The observation of materials and forms in various states of change and transition has been at the heart of Tim Silver’s art for the past two decades. As one of Australia’s leading contemporary artists, Silver is well known for using mutable materials in the creation of his sculptures. Ranging from crayons, watercolour pigments, builder’s putty to confectionary, once cast, Silver’s sculptures begin to change. Sometimes it is simply the atmospheric effects of humidity, air and gravity that activate the works disintegration, whilst others are thrust into transition via fire or detonation resulting in the sculptures dramatic end. In this way Silver sees his sculptures as objects that ‘participate in the world, in real time’ rather than objects of permanence. For his exhibition at McClelland, Silver will present a performative video alongside a series of steel and bronze sculptures cast directly from trees ravaged by the devastating 2012–13 Dunalley bushfires in Tasmania. This new series of sculptures poignantly captures the residue of nature after a catastrophic event.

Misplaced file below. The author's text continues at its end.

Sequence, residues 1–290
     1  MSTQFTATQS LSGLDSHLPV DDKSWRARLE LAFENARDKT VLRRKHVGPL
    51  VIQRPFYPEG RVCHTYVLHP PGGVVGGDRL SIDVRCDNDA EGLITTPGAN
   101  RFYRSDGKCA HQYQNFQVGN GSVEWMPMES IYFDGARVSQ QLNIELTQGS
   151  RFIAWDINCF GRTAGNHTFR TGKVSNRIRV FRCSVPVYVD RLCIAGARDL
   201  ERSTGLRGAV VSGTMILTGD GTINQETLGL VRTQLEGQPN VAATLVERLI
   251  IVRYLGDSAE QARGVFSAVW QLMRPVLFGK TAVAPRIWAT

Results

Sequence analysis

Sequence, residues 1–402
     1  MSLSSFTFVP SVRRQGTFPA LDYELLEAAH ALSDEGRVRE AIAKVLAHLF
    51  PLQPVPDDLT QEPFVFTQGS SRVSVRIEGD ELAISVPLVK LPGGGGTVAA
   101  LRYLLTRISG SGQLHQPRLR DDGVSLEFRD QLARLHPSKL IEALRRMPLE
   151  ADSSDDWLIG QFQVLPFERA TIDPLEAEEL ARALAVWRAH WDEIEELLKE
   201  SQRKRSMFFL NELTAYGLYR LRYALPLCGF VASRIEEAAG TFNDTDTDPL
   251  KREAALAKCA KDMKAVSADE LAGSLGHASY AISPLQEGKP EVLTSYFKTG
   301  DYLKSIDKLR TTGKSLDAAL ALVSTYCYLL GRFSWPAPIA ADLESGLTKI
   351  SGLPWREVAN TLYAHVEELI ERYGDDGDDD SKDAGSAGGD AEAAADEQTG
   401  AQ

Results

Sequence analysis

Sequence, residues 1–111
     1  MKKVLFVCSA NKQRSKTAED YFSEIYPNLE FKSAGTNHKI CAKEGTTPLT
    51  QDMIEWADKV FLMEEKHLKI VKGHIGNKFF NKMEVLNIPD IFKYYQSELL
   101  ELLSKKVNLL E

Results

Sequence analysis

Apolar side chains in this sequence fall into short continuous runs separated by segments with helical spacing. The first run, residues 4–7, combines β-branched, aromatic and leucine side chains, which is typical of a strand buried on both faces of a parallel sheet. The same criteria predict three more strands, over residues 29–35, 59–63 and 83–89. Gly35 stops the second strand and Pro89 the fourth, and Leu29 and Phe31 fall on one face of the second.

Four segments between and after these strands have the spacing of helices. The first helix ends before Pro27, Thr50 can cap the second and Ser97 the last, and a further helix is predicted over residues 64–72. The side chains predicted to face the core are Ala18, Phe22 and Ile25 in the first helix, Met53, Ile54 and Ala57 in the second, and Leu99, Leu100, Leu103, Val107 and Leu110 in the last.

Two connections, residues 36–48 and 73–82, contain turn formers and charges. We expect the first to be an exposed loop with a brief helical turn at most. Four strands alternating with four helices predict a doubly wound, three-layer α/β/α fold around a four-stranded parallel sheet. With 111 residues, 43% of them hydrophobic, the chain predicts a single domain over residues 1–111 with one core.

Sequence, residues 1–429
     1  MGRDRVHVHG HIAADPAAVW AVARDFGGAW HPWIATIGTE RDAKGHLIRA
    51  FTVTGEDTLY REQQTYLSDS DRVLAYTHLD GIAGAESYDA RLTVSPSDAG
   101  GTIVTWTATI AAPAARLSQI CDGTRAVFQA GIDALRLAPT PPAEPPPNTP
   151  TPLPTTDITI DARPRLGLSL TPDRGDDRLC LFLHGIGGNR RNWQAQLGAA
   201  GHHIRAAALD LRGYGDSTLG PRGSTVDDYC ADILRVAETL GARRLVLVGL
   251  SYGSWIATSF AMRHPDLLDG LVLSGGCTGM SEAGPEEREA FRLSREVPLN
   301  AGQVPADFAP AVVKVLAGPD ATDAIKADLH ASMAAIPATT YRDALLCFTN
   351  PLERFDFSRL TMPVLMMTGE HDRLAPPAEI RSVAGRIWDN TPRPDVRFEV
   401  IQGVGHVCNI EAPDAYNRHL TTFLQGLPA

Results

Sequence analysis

Authors: Julie Ewington/ John M. Cunningham
Published by McClelland Sculpture Park+Gallery